by: Wes Rapaport
AUSTIN (Nexstar) — It was a busy year in Texas politics.
From raising the tobacco purchasing age to 21 and updates to the driver license system, to a pair of August mass-shootings and presidential visits, Texans had a front-row seat to the year’s major moments.
State lawmakers started the year tackling bread-and-butter issues like education and property taxes.
“Democrats attention is spread across a range of issues that include healthcare, education,” Jim Henson, director of the Texas Politics Project, said.
A topic that viewers of this site took particular interest in this year was legislation surrounding marijuana, hemp and CBD. That coverage took on several different forms, including medicinal, agricultural and criminal.
“We are seeing tremendous success with this medicine,” Morris Denton, head of the state’s leading medical cannabis company, Compassionate Cultivation, said in March.
“There’s a lot of talk out there for hemp – a big market for it,” Texas Agriculture Commissioner Sid Miller said earlier this year.
“We’ve been concerned with proposed legislation that seeks to promote medical marijuana and seeks to decriminalize marijuana altogether,” Kilgore Police Chief Todd Hunter said in March.
As lawmakers addressed those issues and more, they left the Capitol trumpeting bipartisanship and legislative victories on budgeting, public school funding and taxes.
“The time for talking is over, the time for action began today,” Gov. Abbott said in a press conference four days after the El Paso shooting. State leaders participated in legislative hearings and Abbott formed a domestic terrorism task force and a state safety commission to look at violence in Texas.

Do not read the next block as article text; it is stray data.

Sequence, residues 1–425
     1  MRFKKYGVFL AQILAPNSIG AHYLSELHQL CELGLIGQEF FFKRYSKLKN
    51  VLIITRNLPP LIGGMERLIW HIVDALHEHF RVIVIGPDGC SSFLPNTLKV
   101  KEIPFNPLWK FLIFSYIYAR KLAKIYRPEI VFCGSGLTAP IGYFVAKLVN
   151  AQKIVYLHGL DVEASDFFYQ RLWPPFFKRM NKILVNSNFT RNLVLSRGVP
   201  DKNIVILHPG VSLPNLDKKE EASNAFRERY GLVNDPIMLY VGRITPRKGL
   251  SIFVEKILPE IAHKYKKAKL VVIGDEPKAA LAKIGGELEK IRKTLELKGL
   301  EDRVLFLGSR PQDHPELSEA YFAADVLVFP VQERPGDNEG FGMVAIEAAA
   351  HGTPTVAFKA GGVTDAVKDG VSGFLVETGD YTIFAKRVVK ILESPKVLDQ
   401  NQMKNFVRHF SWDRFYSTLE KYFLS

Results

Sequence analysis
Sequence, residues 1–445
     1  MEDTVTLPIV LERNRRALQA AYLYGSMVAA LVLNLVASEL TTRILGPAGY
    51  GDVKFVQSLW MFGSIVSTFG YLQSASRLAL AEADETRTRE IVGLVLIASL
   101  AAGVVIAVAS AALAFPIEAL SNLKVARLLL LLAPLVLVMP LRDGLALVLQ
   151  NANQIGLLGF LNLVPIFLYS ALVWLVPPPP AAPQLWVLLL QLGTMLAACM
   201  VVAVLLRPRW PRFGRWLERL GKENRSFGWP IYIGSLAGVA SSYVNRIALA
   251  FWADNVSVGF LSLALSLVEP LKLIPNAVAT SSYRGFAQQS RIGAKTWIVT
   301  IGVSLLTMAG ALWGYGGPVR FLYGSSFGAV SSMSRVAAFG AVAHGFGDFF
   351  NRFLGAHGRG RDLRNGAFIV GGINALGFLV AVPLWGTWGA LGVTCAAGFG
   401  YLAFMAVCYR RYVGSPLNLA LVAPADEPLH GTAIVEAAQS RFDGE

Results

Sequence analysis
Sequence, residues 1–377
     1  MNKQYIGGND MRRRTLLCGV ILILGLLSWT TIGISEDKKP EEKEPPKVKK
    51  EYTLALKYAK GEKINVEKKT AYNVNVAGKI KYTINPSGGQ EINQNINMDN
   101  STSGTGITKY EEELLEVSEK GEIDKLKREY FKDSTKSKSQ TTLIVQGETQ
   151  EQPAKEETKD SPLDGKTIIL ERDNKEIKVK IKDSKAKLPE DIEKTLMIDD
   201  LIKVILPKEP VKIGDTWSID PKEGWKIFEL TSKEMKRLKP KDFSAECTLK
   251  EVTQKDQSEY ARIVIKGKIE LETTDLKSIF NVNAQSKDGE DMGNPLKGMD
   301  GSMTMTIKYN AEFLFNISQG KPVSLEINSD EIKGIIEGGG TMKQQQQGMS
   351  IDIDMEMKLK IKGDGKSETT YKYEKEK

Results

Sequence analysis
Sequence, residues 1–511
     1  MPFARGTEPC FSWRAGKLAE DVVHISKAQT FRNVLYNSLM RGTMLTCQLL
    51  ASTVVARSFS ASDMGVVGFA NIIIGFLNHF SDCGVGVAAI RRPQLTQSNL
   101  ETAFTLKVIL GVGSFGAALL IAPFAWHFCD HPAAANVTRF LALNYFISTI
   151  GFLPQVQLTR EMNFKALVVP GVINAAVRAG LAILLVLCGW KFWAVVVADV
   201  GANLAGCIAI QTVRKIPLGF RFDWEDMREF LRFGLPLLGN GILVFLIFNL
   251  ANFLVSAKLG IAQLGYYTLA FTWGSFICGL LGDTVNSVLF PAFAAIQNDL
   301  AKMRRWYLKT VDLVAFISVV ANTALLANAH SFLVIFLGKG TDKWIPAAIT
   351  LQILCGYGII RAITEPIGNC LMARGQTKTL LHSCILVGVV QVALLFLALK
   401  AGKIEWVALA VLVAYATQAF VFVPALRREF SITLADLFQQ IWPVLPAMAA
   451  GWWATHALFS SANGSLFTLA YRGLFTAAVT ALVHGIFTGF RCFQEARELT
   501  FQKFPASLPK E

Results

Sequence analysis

State Sen. José Rodríguez, D-El Paso, said he also hoped the state would explore “how to address white supremacy, hate crimes and racism.”
Lawmakers also dedicated time to immigration issues. State leaders on opposite sides of the aisle held dueling press conferences to push their immigration agendas over what some called a “state of emergency” at the Texas-Mexico border.
“For Republicans, immigration, border security still dominate their view of what’s most important,” Henson said.
President Donald Trump and Vice President Mike Pence collectively visited the state nearly a dozen times, including political rallies and multiple trips to the border.
As both parties prepare for the March primaries and the November election, Henson said the economy would likely dictate where voters land.
“What economic growth looks like, are we in a recession, how fast is growth,” Henson said. “You know our voters noticing it. What are approvals of economic performance. Right track, wrong track numbers. Things like that.”
When lawmakers return to the Capitol in Jan. 2021, there will be a new member of the “Big 3,” as House Speaker Dennis Bonnen announced he would not seek re-election following leaked comments in a meeting with a political non-profit leader. The controversy surrounding the details of that recording and its contents made headlines throughout the summer, and just last week, a House panel adopted a report saying the Speaker likely violated state law but would not likely be charged criminally.
Far and away, weather-related stories took the top slots, like this wall of dirt which blew across Lubbock at 60 miles per hour. Other, lighter reporting with wide popularity in Central Texas included law enforcement officers posing in Texas bluebonnets.